Michael Harrington Book Award
The Michael Harrington Book Award recognizes an outstanding book that demonstrates how scholarship can be used in the struggle for a better world.
Rebecca Tarlau, Pennsylvania State University
Keisha Lindsay (chair), Edwin Dan Jacob, William Sokoloff
Rebecca Tarlau’s Occupying Schools, Occupy Land: How the Landless Workers Movement Transformed Brazilian Education (Oxford University Press 2019) is an excellent example of scholar activism that explores the politics of social change. Tarlau demonstrates how Brazilian education was transformed through a tactical war of position characterized by oppositional consciousness as well as strategic confrontation with the state. Taking Gramsci as a point of departure, Tarlau’s emancipatory study ultimately sheds new and important light on the critical interplay between means and ends. It is thus useful to scholars and activists alike.
Contrary to the conventional belief that social movements cannot engage the state without becoming co-opted and demobilized, this study shows how movements can advance their struggles by strategically working with, in, through, and outside of state institutions. The success of Brazil’s Landless Workers Movement (MST) in occupying land, winning land rights, and developing alternative economic enterprises for over a million landless workers has made it an inspiration for progressive organizations globally. The MST’s educational initiatives, which are less well known but equally as important, teach students about participatory democracy, collective work, agroecological farming, and other practices that support its socialist vision. This study details how MST activists have pressured municipalities, states, and the federal government to implement their educational proposal in public schools and universities, affecting hundreds of thousands of students. Based on twenty months of ethnographic fieldwork, Occupying Schools, Occupying Land documents the potentials, constraints, failures, and contradictions of the MST’s educational struggle. A major lesson is that participating in the contentious co-governance of public education can help movements recruit new activists, diversify their membership, increase practical and technical knowledge, and garner political power. Activists are most effective when combining disruption, persuasion, negotiation, and co-governance into their tactical repertoires. Through expansive leadership development, the MST implemented its educational program in local schools, even under conservative governments. Such gains demonstrate the potential of schools as sites for activists to prefigure, enact, and develop the social and economic practices they hope to use in the future.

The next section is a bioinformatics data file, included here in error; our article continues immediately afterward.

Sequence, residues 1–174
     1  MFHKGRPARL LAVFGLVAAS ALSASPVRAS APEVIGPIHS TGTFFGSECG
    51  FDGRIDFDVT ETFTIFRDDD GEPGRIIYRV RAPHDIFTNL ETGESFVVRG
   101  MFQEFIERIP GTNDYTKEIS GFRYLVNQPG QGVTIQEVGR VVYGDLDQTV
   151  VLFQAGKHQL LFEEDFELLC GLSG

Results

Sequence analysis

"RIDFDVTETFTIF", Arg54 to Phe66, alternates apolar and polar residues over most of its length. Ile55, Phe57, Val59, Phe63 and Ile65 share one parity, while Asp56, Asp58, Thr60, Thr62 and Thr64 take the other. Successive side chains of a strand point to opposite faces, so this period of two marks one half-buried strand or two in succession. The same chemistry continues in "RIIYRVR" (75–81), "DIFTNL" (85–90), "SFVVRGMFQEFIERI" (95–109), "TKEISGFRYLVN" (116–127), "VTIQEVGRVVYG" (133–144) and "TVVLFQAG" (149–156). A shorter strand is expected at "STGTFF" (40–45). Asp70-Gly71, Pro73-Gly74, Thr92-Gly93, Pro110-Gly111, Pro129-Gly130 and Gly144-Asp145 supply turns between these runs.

2019: Keisha Lindsay, University of Wisconsin-Madison
In a Classroom of Their Own: The Intersection of Race and Feminism in All-Black Male Schools. University of Illinois Press, 2018.
2018: Gordon Lafer, University of Oregon & Economic Policy Institute
The One-Percent Solution: How Corporations Are Remaking America One State at a Time. ILR Press, 2017.
2017: Peter Dauvergne, University of British Columbia
Environmentalism of the Rich. MIT Press, 2016.
2016: Marie Gottschalk, University of Pennsylvania
Caught: The Prison State and the Lockdown of American Politics. Princeton University Press, 2015.
Deadline for nominations: April 1, 2020
Nomination Instructions: All nominated books must have a 2019 publication date and cannot be an edited collection. Nominations must be made in writing to the committee chair by the publisher, and all three committee members must receive a copy of the book from the publisher at their mailing addresses listed by April 1st in order to be eligible for consideration.